Mobile Applications and Web Services

symbian.gifI am not a great fan of consuming web services from mobile JAVA or Symbian applications. They just seem to complicate mobile development unnecessarily. Also, applications tend to get bloated with service related code making them significantly larger (to download, use more memory etc) while the service calls themselves result in extraneous data being passed back and forward.

Take S60 for example. In a recent project I had to use some web services that were all that were provided by the server. I started off using a port of gSOAP (incidentally Sony Ericsson Developer World have a great tutorial) as this gave me full visibility of the service source code and allowed me to support S60 2nd and 3rd. However, I found that the Symbian port excluded some things, for example, support for datetime that were declared in the web service description language (WSDL). I tinkered with the gSOAP library a bit but gave up when I realised that adding support for the missing features was probably going to be non-trivial.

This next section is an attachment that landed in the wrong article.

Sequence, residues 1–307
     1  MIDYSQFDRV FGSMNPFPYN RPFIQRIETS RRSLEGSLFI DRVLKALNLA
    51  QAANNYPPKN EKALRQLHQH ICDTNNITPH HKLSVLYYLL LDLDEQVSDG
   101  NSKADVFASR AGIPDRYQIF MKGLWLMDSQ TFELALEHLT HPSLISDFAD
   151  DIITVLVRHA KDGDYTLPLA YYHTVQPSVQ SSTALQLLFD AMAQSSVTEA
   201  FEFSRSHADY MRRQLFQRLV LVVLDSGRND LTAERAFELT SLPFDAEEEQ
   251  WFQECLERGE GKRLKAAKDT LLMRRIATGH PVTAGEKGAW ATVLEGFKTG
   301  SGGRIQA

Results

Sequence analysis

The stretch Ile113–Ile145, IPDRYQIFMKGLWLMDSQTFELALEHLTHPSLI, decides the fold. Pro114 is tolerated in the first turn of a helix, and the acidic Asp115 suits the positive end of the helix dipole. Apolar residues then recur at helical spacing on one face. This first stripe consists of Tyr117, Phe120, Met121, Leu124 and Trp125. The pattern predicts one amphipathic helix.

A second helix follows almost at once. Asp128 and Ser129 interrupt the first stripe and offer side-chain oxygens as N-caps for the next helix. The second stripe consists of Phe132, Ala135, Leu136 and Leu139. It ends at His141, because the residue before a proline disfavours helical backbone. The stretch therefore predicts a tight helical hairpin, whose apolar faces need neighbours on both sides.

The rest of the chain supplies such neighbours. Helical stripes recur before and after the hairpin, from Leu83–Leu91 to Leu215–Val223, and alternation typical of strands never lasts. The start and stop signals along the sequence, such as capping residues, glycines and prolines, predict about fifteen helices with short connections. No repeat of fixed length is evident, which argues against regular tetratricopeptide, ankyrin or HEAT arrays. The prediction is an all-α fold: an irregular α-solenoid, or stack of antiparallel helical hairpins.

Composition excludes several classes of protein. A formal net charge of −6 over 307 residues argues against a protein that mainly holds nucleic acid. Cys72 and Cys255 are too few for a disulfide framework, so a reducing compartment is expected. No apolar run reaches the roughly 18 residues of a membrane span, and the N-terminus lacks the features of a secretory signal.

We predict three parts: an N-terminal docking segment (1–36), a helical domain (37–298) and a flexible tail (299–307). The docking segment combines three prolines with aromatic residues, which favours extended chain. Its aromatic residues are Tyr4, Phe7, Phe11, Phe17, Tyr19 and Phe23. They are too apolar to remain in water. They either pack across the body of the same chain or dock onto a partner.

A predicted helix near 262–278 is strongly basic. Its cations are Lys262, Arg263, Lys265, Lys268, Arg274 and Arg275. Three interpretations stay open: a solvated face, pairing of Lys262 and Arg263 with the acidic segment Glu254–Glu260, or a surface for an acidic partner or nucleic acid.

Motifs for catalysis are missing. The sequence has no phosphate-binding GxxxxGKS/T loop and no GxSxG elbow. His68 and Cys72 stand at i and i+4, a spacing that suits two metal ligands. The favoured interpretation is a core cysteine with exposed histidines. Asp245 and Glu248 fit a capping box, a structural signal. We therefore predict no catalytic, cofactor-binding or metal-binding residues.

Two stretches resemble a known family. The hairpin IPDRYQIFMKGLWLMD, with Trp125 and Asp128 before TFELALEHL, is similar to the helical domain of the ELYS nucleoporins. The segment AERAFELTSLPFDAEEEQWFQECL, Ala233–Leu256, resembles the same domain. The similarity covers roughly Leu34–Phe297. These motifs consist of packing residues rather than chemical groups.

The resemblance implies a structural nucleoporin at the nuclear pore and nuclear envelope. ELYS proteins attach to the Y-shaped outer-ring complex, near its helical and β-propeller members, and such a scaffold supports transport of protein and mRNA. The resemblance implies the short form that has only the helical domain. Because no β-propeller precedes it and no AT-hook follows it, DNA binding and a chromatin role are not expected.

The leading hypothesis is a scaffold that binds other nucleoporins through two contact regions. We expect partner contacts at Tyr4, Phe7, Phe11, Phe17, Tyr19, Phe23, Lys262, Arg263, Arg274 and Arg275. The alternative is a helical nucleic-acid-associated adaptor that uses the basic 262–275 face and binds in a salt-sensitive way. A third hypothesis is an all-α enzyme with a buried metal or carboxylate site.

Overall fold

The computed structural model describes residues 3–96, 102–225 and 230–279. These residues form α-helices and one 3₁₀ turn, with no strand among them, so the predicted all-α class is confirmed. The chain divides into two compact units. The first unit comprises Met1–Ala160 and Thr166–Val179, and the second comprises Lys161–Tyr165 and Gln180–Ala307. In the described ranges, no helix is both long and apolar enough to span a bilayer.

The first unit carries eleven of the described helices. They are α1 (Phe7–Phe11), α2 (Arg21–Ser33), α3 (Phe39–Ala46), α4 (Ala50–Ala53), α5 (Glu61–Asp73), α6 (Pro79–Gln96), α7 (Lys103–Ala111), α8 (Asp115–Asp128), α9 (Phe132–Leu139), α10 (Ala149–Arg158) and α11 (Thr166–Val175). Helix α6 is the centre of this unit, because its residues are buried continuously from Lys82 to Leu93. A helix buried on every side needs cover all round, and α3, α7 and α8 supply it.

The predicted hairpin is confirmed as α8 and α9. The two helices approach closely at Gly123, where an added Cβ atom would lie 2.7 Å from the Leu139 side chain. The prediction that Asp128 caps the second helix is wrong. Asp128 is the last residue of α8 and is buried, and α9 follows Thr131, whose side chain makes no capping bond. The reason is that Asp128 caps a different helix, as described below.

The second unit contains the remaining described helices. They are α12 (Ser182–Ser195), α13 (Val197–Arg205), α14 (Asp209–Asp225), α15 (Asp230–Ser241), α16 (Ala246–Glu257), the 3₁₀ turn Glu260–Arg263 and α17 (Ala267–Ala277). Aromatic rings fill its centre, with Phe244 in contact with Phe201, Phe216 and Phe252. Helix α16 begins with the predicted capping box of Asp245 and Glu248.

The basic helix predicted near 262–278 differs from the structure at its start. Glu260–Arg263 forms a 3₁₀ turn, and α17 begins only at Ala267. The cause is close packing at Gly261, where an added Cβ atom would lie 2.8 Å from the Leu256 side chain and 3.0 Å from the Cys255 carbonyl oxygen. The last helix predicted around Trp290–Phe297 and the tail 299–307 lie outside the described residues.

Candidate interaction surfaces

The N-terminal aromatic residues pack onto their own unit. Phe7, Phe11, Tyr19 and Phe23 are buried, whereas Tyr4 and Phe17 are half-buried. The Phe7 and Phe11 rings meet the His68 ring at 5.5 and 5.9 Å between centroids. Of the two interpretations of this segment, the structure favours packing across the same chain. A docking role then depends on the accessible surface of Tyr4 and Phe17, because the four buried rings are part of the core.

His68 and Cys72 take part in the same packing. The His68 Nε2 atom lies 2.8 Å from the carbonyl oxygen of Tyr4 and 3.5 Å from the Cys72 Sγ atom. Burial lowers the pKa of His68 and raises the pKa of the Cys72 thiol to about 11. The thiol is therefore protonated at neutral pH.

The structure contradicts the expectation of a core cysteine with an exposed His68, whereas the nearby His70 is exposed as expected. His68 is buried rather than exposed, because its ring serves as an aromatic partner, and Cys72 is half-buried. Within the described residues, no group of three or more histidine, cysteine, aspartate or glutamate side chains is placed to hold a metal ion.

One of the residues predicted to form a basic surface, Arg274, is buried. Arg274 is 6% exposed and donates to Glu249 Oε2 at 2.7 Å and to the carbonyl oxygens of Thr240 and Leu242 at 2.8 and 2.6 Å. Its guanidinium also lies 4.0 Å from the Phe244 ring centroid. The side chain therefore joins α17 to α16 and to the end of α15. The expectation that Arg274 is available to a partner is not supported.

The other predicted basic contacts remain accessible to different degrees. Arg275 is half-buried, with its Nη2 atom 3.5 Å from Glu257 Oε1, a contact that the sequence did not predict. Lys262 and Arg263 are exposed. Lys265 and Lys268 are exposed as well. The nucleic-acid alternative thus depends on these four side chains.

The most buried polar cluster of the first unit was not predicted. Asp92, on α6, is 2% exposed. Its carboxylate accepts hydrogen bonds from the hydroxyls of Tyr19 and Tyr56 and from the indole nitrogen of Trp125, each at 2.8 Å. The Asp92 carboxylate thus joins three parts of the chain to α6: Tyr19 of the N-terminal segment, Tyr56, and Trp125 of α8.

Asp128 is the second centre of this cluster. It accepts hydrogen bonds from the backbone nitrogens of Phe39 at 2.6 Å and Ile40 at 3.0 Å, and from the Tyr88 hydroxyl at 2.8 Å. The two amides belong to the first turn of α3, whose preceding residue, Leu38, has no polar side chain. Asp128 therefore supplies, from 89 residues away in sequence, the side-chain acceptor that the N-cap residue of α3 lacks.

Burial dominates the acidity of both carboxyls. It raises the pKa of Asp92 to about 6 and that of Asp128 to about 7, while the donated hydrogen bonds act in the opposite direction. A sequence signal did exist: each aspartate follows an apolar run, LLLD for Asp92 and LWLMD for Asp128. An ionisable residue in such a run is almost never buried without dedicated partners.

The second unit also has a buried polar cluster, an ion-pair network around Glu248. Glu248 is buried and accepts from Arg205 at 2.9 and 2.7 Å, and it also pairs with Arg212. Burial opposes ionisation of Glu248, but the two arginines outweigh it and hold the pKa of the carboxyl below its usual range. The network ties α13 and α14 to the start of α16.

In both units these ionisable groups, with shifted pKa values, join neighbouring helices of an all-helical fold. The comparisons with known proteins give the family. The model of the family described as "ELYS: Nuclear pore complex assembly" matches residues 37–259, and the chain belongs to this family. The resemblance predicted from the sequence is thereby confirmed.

I moved on to the Nokia supplied WSDL to C++ Wizard that unfortunately only works for S60 3rd (not 2nd). It also requires that you include and install a XmlDataBinding.sis within your own sis – that is a needless distraction for the end user when they are prompted to also install this. Once you have worked out how to use the generated code (it isn’t that well documented) it all works very well but the whole concept really is using a sledgehammer to crack a nut.

Instead of web services, for designs where you have control of what the server provides, I favour simpler http GET/POST requests that don’t used SOAP and just return structured information such as delimited lists of things, encoded images or, if you must, XML. (ie REST style calls). All this is much simpler to achieve and more efficient.